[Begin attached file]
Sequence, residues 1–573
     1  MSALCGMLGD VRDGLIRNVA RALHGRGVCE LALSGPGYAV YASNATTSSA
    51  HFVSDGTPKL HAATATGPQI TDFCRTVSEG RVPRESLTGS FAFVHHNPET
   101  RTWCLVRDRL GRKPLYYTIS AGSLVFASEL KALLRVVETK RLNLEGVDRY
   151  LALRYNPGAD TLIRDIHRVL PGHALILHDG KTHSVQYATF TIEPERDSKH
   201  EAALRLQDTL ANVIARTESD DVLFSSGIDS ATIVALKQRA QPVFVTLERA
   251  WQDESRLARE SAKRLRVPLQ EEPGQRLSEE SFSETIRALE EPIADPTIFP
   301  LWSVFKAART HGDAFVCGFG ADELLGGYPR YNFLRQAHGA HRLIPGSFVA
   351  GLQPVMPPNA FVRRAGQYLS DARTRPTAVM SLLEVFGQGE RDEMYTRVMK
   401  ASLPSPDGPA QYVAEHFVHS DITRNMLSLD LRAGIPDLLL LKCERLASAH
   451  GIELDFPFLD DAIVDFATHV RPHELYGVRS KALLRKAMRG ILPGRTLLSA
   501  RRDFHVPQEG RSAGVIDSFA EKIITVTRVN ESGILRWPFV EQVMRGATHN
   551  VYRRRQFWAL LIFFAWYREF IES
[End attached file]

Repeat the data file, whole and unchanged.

Sequence, residues 1–573
     1  MSALCGMLGD VRDGLIRNVA RALHGRGVCE LALSGPGYAV YASNATTSSA
    51  HFVSDGTPKL HAATATGPQI TDFCRTVSEG RVPRESLTGS FAFVHHNPET
   101  RTWCLVRDRL GRKPLYYTIS AGSLVFASEL KALLRVVETK RLNLEGVDRY
   151  LALRYNPGAD TLIRDIHRVL PGHALILHDG KTHSVQYATF TIEPERDSKH
   201  EAALRLQDTL ANVIARTESD DVLFSSGIDS ATIVALKQRA QPVFVTLERA
   251  WQDESRLARE SAKRLRVPLQ EEPGQRLSEE SFSETIRALE EPIADPTIFP
   301  LWSVFKAART HGDAFVCGFG ADELLGGYPR YNFLRQAHGA HRLIPGSFVA
   351  GLQPVMPPNA FVRRAGQYLS DARTRPTAVM SLLEVFGQGE RDEMYTRVMK
   401  ASLPSPDGPA QYVAEHFVHS DITRNMLSLD LRAGIPDLLL LKCERLASAH
   451  GIELDFPFLD DAIVDFATHV RPHELYGVRS KALLRKAMRG ILPGRTLLSA
   501  RRDFHVPQEG RSAGVIDSFA EKIITVTRVN ESGILRWPFV EQVMRGATHN
   551  VYRRRQFWAL LIFFAWYREF IES